This week, two more GAVI-eligible countries, Yemen and Ghana, will introduce rotavirus vaccines into their national immunization programs, bringing to seven the total number of countries that have introduced rotavirus vaccines with GAVI support. Several more GAVI-eligible countries are planning to introduce rotavirus vaccines in 2012 and 2013.
In 2009, the World Health Organization recommended that all countries include rotavirus vaccines in their national immunization programs. Rotavirus vaccines play an essential and lifesaving role in comprehensive diarrhea control strategies.
A coordinated approach that combines rotavirus vaccines with other prevention and treatment methods, including oral rehydration therapy, zinc supplements, breastfeeding, improvements in water, sanitation, and hygiene as well as proper nutrition, will achieve the greatest impact on diarrhea-related illnesses and death.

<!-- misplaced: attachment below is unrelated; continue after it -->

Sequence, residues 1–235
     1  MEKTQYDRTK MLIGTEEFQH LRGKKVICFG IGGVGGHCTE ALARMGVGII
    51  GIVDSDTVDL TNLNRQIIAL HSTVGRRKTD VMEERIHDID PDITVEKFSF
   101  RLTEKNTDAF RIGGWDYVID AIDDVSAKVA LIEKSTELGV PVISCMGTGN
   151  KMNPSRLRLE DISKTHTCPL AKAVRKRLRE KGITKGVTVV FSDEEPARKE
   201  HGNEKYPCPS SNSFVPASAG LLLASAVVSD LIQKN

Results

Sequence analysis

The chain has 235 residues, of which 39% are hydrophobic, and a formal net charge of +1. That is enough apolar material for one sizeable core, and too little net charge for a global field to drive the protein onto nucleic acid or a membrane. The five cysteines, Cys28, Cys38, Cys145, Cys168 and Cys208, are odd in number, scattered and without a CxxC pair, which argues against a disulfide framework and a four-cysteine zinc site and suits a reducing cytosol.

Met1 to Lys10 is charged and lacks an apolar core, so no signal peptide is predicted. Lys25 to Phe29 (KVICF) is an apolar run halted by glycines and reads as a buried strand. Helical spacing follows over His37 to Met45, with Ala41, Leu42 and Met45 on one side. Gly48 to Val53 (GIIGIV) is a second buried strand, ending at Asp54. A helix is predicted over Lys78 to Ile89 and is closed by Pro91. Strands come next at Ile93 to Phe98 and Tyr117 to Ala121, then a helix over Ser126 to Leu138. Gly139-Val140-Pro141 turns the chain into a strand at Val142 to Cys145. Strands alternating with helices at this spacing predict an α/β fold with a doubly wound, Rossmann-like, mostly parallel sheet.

Adding rotavirus vaccines to national immunization programs and integrating them with appropriate diarrheal disease control interventions as part of a package of treatment and prevention strategies would be critical to achieving Millennium Development Goal 4.
In addition to providing critical insights on rotavirus vaccine performance, the special supplement looks at rotavirus strain diversity, reviews operational and policy considerations for effective rotavirus vaccination in low-resource settings, and provides guidance on interpreting and monitoring risk of intussusception.
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“Rotavirus Vaccines for Children In Developing Countries,” edited by A. Duncan Steele, Kathleen M. Neuzil and Umesh D. Parashar Vaccine, Volume 30, Supplement 1, Pages A1-A196 (27 April 2012) published by Elsevier.
Full text of the supplement is available via open access agreement with Elsevier.